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Details of Grant 

EPSRC Reference: EP/K003836/1
Title: Engineering Nonlinearity
Principal Investigator: Wagg, Professor DJ
Other Investigators:
Champneys, Professor AR Langley, Professor RS Elliott, Professor S
Friswell, Professor MI Worden, Professor K Neild, Professor SA
Cooper, Professor J
Researcher Co-Investigators:
Project Partners:
AgustaWestland Airbus Group Limited EDF Energy
ESI Garrad Hassan & Partners Ltd Rolls-Royce Plc
Romax Technology Limited Stirling Dynamics Ltd
Department: Mechanical Engineering
Organisation: University of Bristol
Scheme: Programme Grants
Starts: 07 September 2012 Ends: 06 September 2013 Value (£): 4,214,087
EPSRC Research Topic Classifications:
Acoustics Control Engineering
Eng. Dynamics & Tribology Non-linear Systems Mathematics
EPSRC Industrial Sector Classifications:
Manufacturing Aerospace, Defence and Marine
Transport Systems and Vehicles
Related Grants:
Panel History:
Panel DatePanel NameOutcome
08 Jun 2012 Programme Grant Interviews - 8 June 2012 (Engineering) Announced
Summary on Grant Application Form
The aim of this proposal is to transform the design and manufacture of structural systems by relieving the bottleneck caused by the current practice of restricting designs to a linear dynamic regime. Our ambition is to not only address the challenge of dealing with nonlinearity, but to unlock the huge potential which can be gained from exploiting its positive attributes. The outputs will be a suite of novel modelling and control techniques which can be used directly in the design processes for structural systems, which we will demonstrate on a series of industry based experimental demonstrators. These design tools will enable a transformation in the performance of engineering structural systems which are under rapidly increasing demands from technological, economic and environmental pressures.

The performance of engineering structures and systems is governed by how well they behave in their operating environment. For a significant number of engineering sectors, such as wind power generation, automotive, medical robotics, aerospace and large civil infrastructure, dynamic effects dominate the operational regime. As a result, understanding structural dynamics is crucial for ensuring that we have safe, reliable and efficient structures. In fact, the related mathematical problems extend to other modelling problems encountered in other important research areas such as systems biology, physiological modelling and information technology.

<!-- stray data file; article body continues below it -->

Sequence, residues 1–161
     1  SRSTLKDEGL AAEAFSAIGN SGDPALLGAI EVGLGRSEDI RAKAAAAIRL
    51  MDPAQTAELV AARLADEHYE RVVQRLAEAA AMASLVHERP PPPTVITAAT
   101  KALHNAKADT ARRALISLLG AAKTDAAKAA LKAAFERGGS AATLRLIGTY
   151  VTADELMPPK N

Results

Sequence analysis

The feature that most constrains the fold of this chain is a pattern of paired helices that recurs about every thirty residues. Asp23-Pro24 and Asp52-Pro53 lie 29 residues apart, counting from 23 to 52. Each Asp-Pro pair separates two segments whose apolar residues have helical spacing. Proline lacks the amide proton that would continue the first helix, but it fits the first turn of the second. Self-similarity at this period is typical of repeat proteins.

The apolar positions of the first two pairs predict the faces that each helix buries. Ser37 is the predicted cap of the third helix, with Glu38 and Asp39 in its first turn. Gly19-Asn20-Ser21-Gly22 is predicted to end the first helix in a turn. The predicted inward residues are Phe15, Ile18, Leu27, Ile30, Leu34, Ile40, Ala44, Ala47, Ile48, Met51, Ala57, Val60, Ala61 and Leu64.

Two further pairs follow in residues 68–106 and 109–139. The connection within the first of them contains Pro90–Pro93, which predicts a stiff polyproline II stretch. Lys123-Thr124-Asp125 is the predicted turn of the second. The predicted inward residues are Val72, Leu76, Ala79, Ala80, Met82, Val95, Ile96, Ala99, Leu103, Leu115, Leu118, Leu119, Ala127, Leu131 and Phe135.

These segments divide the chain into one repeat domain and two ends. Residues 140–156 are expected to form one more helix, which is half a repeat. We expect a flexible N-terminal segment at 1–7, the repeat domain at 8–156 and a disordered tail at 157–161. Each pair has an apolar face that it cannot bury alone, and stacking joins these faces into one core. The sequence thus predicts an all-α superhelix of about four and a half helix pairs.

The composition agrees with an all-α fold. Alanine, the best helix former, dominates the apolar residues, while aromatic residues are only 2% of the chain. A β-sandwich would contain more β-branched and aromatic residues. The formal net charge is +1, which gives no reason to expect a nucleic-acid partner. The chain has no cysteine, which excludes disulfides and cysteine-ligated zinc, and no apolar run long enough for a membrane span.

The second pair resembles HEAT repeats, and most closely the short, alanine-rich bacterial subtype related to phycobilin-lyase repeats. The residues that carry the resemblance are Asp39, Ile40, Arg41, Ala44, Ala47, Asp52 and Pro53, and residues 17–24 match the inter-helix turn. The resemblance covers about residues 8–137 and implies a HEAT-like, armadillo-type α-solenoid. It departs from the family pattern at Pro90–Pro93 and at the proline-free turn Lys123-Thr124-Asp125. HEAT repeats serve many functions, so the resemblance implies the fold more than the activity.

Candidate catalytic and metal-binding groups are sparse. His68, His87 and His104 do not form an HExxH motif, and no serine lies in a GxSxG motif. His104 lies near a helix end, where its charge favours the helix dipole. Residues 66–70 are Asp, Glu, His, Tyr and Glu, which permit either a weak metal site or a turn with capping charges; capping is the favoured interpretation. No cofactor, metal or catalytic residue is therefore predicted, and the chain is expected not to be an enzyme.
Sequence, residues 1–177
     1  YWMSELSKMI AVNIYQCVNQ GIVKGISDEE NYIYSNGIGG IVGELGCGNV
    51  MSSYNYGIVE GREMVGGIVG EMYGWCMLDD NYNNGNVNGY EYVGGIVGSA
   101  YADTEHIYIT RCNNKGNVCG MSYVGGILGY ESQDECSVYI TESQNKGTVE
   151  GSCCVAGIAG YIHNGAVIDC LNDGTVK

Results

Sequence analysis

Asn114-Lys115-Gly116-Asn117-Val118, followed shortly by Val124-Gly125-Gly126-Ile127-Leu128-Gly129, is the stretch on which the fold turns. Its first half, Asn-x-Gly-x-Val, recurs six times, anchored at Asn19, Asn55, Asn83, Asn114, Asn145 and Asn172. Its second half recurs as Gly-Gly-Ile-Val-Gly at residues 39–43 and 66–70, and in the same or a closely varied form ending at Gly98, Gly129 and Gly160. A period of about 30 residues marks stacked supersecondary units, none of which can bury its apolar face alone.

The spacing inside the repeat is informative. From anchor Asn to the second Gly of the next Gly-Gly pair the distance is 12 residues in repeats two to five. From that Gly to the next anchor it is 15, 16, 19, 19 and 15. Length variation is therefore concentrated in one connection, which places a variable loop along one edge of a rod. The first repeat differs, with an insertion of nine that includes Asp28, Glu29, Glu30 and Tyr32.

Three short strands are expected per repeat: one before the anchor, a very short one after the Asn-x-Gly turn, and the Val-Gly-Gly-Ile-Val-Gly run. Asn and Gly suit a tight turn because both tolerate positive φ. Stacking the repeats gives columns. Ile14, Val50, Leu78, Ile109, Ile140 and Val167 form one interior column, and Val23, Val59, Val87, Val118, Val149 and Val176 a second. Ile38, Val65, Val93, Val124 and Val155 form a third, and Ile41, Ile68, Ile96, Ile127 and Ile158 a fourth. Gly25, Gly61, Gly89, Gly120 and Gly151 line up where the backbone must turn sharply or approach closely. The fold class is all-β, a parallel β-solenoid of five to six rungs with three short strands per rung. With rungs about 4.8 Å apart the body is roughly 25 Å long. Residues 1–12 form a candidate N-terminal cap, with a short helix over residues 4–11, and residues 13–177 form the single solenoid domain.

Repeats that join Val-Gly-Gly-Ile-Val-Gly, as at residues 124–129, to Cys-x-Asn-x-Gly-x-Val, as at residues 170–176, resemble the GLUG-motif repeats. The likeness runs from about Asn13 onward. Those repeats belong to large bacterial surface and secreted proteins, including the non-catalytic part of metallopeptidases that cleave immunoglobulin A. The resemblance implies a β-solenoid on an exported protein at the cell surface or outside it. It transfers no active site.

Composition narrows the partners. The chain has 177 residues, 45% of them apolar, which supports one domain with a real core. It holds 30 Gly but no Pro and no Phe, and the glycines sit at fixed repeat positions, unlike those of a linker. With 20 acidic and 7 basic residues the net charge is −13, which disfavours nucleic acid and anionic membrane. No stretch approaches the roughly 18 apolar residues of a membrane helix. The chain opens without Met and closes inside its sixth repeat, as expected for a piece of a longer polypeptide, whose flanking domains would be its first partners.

So what exactly is the problem we are seeking to address in this proposal? Typically, when the behaviour of an engineering system is linear, computer simulations can be used to make very accurate predictions of its dynamic behaviour. The concept of end-to-end simulation and virtual prototyping, verification and testing has become a key paradigm across many sectors. The problem with this simulation based approach is that it is built on implicit assumptions of repeatability and linearity. For example, many structural analysis methods are based on the concept of a frequency domain charaterisation, which assumes that response of the system can be characterised by linear superposition of the response to each frequency seperately. But, the response of nonlinear systems is known to display amplitude dependence, sensitivity to transient effects in the forcing, and potential bistability or multiplicity of outcome for the same input frequency. As a result, when the system is nonlinear (which is nearly always the case for a large number of important industrial problems) it is almost impossible to make dynamic predictions without introducing very limiting approximations

and simplifications. For example, throughout recent history, there have been many examples of unwanted vibrations; Failure of the Tacoma Narrows bridge (1940); cable-deck coupled vibrations on the DongTing Lake Bridge (1999); human induced vibration on the Millennium Bridge (2000); NASA Helios failure (2003); Coupling between thrusters and natural frequencies of the flexible structure on the International Space Station (2009); Landing gear shimmy.

In many cases, the complexity of modern designs has outstripped our ability to understand their dynamic behaviour in detail. Even with the benefit of high power computing, which has enabled engineers to carry out detailed simulations, interpreting results from these simulations is a fundamental bottleneck, and it would seem that our ability to match experimental results is not improving, due primarily to the combination of random and uncertain effects and the failure of the linear superposition approach. As a result a new type of structural dynamics, which fully embraces nonlinearity, is urgently needed to enable the most efficient design and manufacture of the next generation of engineering structures.
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Organisation Website: http://www.bris.ac.uk